Investors are betting hundreds of millions of dollars that startups like PagerDuty, GitLab, and CloudBees can change the way software gets made
- Continuous integration and continuous delivery startups have raised hundreds of millions of dollars in venture funding.
- CI/CD is a pair of intertwined processes for delivering more code, more quickly, to more people.
- Investors and customers are flocking to these startups: They help developers spend more time coding and less time managing their information-technology infrastructure and debugging.
- GitLab, CircleCI, and CloudBees are some of the leading startups in this space, but many others are becoming prominent amid the rising trend.
- Here’s why.
In the old days, customers would have to wait all year for a new software release. And that release could bring new bugs. Then, by the time the developers finished fixing the bugs, it would already be time to start getting ready for the next release, starting the cycle all over.
That slow process is becoming obsolete. Now, it’s possible to make changes and release them to customers instantly — the same way that Facebook, Google, and other tech companies roll out new features that appear as soon as you refresh your browser.
Now, as software continues to eat the world, investors are flocking to companies that are helping their customers achieve the same kind of speed.
The key practices are called continuous integration and continuous delivery. With CI/CD, companies can release changes to customers as often as they want, whether it’s once a month or 20 times a day. At first, mostly startups used this process, but as larger companies continue to modernize their digital footprints, they too are jumping on board, as a way to keep up with their Silicon Valley rivals.
“The benefits are really speed and agility,” Edith Harbaugh, the CEO of the feature-management platform LaunchDarkly, told Business Insider. “If you release every year, you’re a dinosaur now. If everyone releases multiple times, you’re left behind. … Nobody wants to be the Blockbuster of tech.”
Indeed, companies like Netflix, Etsy, and Sony are said to have adopted CI/CD to keep up with competitors, small and large.
There are already high-flying startups that have begun emerging as leaders in CI/CD. GitLab, named by analyst firm Forrester as the top leader in CI, has raised $145.5 million in total, as the $1.1 billion startup grows beyond its roots as an alternative to Microsoft’s just-acquired GitHub. Other CI leaders include CircleCI, which has raised $59 million, and CloudBees, which has raised $113.2 million.
And the growth isn’t going to stop anytime soon. Research shows that the market for CI tools is expected to grow from $483.7 million in 2018 to $1.14 billion by 2023. As for CD tools, the market is expected to grow from $1.65 billion in 2018 to $3.85 billion by 2023.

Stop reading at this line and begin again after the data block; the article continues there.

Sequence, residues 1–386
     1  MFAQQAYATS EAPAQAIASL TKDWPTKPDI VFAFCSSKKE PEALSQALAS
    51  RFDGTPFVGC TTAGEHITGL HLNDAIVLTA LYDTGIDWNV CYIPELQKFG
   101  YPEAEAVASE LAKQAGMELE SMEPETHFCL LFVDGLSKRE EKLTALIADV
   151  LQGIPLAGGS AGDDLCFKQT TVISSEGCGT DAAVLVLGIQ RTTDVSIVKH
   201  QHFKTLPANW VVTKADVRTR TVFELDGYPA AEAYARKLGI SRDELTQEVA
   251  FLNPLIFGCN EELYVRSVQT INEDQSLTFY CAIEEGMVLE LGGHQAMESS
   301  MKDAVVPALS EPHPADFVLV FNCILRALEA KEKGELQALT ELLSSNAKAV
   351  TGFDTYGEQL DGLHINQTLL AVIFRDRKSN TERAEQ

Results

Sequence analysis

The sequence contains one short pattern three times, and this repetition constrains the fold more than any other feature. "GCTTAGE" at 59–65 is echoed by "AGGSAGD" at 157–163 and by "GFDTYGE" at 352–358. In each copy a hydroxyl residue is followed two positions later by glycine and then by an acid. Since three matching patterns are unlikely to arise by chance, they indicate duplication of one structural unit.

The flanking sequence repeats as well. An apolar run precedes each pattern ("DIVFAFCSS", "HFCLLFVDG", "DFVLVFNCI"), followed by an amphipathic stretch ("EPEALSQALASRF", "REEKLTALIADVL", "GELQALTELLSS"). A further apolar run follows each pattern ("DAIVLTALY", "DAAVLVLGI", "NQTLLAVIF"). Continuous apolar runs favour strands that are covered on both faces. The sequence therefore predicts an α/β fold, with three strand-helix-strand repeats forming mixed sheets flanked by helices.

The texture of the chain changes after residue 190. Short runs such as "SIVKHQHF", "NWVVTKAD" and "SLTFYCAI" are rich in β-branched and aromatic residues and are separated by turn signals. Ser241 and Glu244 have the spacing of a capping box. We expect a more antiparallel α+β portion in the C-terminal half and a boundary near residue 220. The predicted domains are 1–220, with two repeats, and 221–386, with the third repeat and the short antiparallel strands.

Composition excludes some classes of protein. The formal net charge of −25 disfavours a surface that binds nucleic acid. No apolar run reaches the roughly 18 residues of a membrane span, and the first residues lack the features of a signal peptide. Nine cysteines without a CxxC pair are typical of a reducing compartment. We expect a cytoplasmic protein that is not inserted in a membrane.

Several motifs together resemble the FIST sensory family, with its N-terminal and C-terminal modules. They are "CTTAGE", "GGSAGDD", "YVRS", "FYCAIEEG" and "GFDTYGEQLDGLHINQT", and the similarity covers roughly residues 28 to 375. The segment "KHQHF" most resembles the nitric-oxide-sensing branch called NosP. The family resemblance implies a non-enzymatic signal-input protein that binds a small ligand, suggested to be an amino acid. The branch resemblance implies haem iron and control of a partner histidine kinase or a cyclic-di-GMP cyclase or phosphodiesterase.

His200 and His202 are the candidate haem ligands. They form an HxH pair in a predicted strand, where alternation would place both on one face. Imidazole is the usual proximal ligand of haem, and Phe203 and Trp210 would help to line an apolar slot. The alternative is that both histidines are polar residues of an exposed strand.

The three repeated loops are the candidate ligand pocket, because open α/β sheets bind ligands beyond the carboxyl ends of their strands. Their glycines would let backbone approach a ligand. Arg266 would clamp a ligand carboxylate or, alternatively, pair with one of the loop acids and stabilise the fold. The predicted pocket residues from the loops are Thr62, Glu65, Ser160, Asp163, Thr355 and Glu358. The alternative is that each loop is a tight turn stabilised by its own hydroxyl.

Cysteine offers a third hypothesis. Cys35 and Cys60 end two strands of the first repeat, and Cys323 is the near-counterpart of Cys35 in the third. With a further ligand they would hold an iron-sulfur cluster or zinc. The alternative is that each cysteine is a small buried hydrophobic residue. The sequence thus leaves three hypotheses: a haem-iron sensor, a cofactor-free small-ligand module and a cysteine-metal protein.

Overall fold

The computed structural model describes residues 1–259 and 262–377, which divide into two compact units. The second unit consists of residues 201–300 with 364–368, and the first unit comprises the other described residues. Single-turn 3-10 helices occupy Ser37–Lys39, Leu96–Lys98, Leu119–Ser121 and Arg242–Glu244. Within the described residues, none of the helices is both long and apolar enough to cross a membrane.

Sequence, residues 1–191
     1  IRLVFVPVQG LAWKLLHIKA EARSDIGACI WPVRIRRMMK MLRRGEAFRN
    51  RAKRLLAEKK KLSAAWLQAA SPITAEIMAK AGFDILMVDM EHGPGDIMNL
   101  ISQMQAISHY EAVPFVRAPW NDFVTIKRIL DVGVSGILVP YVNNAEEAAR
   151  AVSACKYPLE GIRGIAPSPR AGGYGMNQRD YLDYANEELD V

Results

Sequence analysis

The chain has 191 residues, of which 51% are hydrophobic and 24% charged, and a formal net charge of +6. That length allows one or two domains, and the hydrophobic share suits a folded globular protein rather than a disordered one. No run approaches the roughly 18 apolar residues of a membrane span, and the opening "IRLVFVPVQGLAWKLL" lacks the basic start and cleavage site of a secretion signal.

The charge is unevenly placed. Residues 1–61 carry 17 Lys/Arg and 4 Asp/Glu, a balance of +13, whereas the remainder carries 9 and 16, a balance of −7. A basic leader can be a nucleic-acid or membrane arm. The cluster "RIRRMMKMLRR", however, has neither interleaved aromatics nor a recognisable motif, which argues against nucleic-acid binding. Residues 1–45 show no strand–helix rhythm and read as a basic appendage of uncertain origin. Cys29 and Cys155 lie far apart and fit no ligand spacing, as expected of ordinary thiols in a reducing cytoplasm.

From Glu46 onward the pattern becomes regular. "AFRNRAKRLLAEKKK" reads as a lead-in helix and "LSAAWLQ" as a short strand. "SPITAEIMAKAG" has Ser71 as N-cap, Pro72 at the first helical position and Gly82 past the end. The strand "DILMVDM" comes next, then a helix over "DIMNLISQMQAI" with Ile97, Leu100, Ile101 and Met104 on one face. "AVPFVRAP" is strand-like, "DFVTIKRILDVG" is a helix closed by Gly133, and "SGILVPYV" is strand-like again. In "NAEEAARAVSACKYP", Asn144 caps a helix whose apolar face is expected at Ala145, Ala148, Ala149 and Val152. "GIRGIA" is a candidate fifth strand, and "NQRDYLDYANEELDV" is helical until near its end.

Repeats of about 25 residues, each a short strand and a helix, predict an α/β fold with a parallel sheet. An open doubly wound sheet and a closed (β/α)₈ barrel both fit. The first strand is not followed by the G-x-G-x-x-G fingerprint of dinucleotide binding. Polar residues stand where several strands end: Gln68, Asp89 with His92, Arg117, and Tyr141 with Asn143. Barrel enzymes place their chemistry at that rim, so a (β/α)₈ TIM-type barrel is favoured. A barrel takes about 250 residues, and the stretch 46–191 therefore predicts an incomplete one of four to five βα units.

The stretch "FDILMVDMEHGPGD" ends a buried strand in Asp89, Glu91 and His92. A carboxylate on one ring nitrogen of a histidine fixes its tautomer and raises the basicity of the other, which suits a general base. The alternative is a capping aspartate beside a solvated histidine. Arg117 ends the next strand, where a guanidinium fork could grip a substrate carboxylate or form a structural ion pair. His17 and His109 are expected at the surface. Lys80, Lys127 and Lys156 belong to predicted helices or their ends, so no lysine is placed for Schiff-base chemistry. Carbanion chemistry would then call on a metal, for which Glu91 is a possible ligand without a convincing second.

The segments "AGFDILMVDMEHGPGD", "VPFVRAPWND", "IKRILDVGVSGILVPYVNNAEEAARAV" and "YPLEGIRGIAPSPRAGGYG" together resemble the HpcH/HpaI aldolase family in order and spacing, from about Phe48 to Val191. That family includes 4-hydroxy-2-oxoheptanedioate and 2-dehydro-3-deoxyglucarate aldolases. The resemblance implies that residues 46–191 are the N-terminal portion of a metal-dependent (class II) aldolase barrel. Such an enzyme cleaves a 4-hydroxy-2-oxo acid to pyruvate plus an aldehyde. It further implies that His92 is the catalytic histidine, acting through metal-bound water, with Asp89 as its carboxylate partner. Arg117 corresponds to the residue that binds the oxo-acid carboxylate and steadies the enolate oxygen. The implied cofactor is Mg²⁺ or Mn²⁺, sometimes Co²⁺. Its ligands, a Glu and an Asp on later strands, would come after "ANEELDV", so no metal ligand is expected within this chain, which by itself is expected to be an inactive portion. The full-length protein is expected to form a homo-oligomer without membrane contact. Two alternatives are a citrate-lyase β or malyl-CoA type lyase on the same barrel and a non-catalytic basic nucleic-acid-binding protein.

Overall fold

“The speed with which you can innovate in a business is determined by how fast you can ship software,” GitLab CEO Sid Sijbrandij said. “CI and CD helps you ship software faster. That’s what all the businesses need. By testing it automatically and deploying it, you don’t have to wait for human testing.”
What is CI/CD, anyway?
Although the concepts of CI and CD have been around the 1990s, it started becoming more popular after the birth of Jenkins, the widely used open-source CD platform, in 2004. CloudBees took the free Jenkins software and used it to build a popular version designed for larger businesses, which is also popular.
“CI and CD will be part of any organization. We’re just at the start of this,” CloudBees CEO Sacha Labourey said. “It’s an exciting time for the CI industry. The entrenched vendors are not equipped with that. At the same time, we’re able to generate a meaningful business model. What we’re seeing on the market is this big war between the classic players who are not in shape.”
CI/CD really took off with the rise of cloud computing. It’s hard to push out big changes to a code base that lives across multiple servers, across multiple data centers. It becomes much easier, however, when all that code is centralized in a public cloud platform like Amazon Web Services, Microsoft Azure, or Google Cloud.
CI means that developers integrate their software to an organization’s central code base as often as possible — as in, continuously. But before the code gets added to the code base, these developers must run automated tests that make sure the code is working correctly. So, to properly do CI, you need to be continually testing the code, too.
Continuous delivery builds off of CI, but involves the processes by which those code changes are released to customers. With the click of a button, development teams using CD can update their apps and services with new features for some or all of their users.